Very recently, Senator Ted Kennedy died from Glioblastoma multiforme (GBM), possibly the deadliest known cancer(ref). I lost a dear friend to it just three years ago. This post looks at some of the GBM research over the last five years. It touches on the potential role of GBM stem cells and a potential key therapeutic role for one of the supplements many of us take – curcumin.
GBM is an extremely aggressive brain cancer involving glial cells in the brain and kills just about everyone who gets it. “Median survival with standard-of-care radiation and chemotherapy with temozolomide is 15 months. Median survival without treatment is 4 1/2 months(ref).” Patients rarely last more than two years from time of diagnosis. When it comes to glioblastoma, a treatment that adds just 3-4 months to a patient’s life is thought to be worth considering.
The hopelessness of the disease is summarized in the lead paragraph of the monograph entitled State-of-the-art Therapy for Glioblastoma Multiforme: “The treatment of patients with glioblastoma multiforme (GBM) is conventionally considered to be a palliative venture with no hope of cure. Traditionally, patients are treated with maximal surgical resection based on the premise that, although surgery is not a curative procedure, a major resection provides for a longer survival and better quality of life. Radiotherapy increases the duration of survival, but again is not a curative intervention(ref).”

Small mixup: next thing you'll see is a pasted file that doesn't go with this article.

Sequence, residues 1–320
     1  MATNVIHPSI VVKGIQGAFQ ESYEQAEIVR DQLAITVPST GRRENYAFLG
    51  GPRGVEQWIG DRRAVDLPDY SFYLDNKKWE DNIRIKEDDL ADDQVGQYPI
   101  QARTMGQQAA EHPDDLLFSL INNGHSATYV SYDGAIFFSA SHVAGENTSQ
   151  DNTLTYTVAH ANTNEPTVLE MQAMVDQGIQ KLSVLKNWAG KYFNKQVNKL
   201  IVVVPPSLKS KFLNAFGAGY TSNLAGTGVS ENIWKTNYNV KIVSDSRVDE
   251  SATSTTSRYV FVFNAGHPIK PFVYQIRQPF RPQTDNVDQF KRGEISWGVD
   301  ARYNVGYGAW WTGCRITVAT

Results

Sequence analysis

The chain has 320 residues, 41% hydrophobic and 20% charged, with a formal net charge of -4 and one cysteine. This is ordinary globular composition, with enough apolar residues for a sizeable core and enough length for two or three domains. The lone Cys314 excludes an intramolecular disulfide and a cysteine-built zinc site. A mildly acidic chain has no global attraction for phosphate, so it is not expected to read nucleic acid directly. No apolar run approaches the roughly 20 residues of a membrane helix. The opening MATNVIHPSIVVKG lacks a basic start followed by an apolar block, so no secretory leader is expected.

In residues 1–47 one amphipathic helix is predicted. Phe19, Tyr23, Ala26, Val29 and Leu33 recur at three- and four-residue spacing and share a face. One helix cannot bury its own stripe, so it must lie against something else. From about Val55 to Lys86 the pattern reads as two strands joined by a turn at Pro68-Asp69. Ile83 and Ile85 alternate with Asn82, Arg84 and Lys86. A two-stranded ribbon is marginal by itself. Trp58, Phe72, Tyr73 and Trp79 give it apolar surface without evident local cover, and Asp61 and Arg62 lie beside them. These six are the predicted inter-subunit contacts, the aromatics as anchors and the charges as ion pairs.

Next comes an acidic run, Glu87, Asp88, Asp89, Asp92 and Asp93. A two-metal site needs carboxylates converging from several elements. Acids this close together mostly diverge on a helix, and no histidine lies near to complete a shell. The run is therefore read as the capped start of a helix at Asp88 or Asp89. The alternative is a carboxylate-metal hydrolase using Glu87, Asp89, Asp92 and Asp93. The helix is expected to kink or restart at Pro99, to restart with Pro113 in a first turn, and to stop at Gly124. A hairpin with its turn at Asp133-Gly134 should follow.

When your friend or relative learns he has GBM, he may have only six months more to live. GBMs can come on very suddenly without warning and can be of two main types known as Primary and Secondary. “Primary glioblastoma multiforme accounts for the vast majority of cases (60%) in adults older than 50 years. These tumors manifest de novo (i.e., without clinical or histopathologic evidence of a preexisting, less-malignant precursor lesion), presenting after a short clinical history, usually less than 3 months.” – “Secondary glioblastoma multiformes (40%) typically develop in younger patients (<45 y) through malignant progression from a low-grade astrocytoma (WHO grade II) or anaplastic astrocytoma (WHO grade III). The time required for this progression varies considerably, ranging from less than 1 year to more than 10 years, with a mean interval of 4-5 years. Increasing evidence indicates that primary and secondary glioblastomas constitute distinct disease entities that evolve through different genetic pathways, affect patients at different ages, and differ in response to some of the present therapies(ref).”